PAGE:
Polyglot CheatSheet - Concurrency

Last Updated: 2023-03-01


  • “Start goroutines when you have concurrent work.”
  • “Share by communicating.”

Don't use asynchronous callbacks.

The Go analogue to a Future is a single-element buffered channel. ch := make(chan Item, 1).

A buffered channel can be used like a semaphore.


A goroutine is a lightweight thread managed by the Go runtime.

go func() {
    // ...

A select blocks until one of its cases can run, then it executes that case. It chooses one at random if multiple are ready.

func main() {
	tick := time.Tick(100 * time.Millisecond)
	boom := time.After(500 * time.Millisecond)
	for {
		select {
		case <-tick:
		case <-boom:
			fmt.Println("    .")
			time.Sleep(50 * time.Millisecond)


Channels are a typed conduit through which you can send and receive values with the channel operator, <-:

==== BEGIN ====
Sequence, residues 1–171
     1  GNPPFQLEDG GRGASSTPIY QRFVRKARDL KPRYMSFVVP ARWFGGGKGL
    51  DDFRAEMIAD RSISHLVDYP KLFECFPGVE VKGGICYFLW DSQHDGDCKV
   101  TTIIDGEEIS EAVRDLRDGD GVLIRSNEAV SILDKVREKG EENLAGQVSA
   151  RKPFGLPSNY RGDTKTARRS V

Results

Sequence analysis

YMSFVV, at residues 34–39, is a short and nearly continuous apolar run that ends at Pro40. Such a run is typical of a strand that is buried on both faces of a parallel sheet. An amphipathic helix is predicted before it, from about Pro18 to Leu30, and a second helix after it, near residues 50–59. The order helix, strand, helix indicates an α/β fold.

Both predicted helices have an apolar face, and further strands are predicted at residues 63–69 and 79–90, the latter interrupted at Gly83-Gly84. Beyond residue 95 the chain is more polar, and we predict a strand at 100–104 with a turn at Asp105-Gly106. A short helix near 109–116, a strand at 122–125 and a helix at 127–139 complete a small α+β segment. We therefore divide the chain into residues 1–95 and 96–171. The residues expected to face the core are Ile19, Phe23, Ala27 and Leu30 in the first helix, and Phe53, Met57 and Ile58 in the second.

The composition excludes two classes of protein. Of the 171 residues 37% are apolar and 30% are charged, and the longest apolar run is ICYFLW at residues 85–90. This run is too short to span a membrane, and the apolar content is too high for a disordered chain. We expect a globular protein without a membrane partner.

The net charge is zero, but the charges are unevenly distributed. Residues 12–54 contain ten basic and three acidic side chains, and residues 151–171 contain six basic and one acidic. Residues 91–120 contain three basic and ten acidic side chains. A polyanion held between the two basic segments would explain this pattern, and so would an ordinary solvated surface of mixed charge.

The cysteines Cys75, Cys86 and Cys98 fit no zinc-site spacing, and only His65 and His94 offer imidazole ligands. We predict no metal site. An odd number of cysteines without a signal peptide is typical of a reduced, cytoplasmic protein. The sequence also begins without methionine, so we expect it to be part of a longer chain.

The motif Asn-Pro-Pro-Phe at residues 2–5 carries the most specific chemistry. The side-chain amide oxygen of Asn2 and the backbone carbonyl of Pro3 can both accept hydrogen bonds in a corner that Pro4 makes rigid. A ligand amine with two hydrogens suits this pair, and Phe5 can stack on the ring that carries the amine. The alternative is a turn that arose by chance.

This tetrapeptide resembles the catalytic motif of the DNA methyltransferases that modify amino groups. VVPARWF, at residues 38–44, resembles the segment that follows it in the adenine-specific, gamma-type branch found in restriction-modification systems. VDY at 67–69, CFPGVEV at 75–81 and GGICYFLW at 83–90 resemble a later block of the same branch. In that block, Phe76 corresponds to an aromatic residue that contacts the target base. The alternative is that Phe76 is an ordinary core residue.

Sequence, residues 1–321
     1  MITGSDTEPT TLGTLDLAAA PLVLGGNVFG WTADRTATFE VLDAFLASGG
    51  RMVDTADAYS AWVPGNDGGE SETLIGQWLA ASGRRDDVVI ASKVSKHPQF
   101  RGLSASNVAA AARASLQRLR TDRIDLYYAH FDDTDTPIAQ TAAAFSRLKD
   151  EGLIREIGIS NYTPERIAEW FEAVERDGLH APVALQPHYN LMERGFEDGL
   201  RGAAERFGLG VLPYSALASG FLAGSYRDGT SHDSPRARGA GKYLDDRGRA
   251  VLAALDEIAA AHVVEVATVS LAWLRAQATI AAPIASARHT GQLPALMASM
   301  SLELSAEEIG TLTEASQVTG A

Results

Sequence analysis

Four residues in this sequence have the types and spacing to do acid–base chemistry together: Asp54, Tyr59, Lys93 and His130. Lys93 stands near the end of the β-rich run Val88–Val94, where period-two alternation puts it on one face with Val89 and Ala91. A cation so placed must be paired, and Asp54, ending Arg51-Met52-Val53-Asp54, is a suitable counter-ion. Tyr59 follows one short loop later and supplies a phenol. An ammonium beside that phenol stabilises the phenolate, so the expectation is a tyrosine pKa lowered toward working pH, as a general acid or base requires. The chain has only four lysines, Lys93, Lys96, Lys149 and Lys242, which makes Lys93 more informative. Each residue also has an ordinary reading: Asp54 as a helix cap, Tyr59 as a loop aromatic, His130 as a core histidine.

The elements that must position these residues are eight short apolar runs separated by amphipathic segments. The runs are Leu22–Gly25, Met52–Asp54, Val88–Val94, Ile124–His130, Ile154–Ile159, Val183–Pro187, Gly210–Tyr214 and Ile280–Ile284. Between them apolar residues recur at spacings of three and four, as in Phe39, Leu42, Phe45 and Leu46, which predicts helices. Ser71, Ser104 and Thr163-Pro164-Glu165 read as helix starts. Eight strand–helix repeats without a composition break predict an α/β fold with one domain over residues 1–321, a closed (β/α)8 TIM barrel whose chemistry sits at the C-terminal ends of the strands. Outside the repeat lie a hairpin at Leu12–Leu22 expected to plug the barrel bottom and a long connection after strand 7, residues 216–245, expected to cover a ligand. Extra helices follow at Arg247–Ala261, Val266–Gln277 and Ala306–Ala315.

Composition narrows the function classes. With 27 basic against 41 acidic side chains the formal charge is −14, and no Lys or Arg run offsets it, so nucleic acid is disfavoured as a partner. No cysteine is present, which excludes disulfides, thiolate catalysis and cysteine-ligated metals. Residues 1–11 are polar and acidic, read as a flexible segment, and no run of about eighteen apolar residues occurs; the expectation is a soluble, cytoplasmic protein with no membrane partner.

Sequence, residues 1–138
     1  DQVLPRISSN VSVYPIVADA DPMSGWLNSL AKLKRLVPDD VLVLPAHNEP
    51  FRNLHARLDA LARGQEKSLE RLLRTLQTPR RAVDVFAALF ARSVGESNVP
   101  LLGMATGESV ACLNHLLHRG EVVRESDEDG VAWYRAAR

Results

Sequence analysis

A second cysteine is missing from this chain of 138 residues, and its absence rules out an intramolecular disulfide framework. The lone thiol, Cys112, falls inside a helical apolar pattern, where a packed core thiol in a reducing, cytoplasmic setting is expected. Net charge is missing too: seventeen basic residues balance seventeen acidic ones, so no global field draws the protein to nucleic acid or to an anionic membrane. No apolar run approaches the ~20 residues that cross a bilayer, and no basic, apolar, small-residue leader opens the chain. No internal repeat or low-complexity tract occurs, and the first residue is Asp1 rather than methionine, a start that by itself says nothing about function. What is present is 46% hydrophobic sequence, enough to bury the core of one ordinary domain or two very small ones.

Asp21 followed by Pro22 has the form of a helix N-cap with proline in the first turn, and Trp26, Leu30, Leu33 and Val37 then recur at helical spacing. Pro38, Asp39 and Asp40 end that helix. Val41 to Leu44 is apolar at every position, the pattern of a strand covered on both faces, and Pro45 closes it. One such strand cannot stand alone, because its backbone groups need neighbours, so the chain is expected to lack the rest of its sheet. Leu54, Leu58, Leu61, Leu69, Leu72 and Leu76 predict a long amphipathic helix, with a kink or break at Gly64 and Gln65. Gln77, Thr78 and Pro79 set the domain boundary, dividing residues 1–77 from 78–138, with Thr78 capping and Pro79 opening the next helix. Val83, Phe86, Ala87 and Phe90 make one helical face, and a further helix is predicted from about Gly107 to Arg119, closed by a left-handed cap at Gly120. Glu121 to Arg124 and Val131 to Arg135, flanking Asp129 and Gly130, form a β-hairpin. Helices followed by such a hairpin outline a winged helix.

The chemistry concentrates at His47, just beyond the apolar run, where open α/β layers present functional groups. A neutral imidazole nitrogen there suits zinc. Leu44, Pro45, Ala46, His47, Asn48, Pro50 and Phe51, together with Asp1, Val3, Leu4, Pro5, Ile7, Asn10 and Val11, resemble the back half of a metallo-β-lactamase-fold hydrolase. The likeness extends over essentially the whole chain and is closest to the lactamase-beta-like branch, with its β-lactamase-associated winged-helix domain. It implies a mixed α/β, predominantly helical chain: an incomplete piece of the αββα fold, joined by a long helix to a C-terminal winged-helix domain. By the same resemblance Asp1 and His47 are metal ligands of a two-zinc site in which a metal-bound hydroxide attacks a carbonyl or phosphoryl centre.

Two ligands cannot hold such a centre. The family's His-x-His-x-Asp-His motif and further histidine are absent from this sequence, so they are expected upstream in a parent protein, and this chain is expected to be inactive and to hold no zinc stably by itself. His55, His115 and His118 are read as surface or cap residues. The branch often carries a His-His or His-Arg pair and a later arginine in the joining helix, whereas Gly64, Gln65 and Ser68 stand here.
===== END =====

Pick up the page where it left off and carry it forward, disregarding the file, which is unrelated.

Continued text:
// Create a channel (unbuffered, i.e. buffer size = 0).
// Sends and receives block until the other side is ready.
ch := make(chan int)

// Create a buffered channel.
// Sends to a buffered channel block only when the buffer is full.
// Receives block when the buffer is empty.
ch := make(chan int, 100)

// Send v to channel ch.
ch <- v

// Receive from ch, and assign value to v.
v := <-ch

// Senders can close the channel.
// Receiver should never close a channel.
// (Channels do not have to be closed; only when receivers need to be informed.)

// Receivers can test whether a channel has been closed.
v, ok := <-ch

// Receive values from the channel repeatedly until it is closed.
for i := range c

Unbuffered channel allows goroutines to synchronize without explicit locks or condition variables.


In the standard library: sync.Mutex. 2 methods: Lock() and Unlock().

// Create a Mutex
mu sync.Mutex

// Lock

// Do something

// Unlock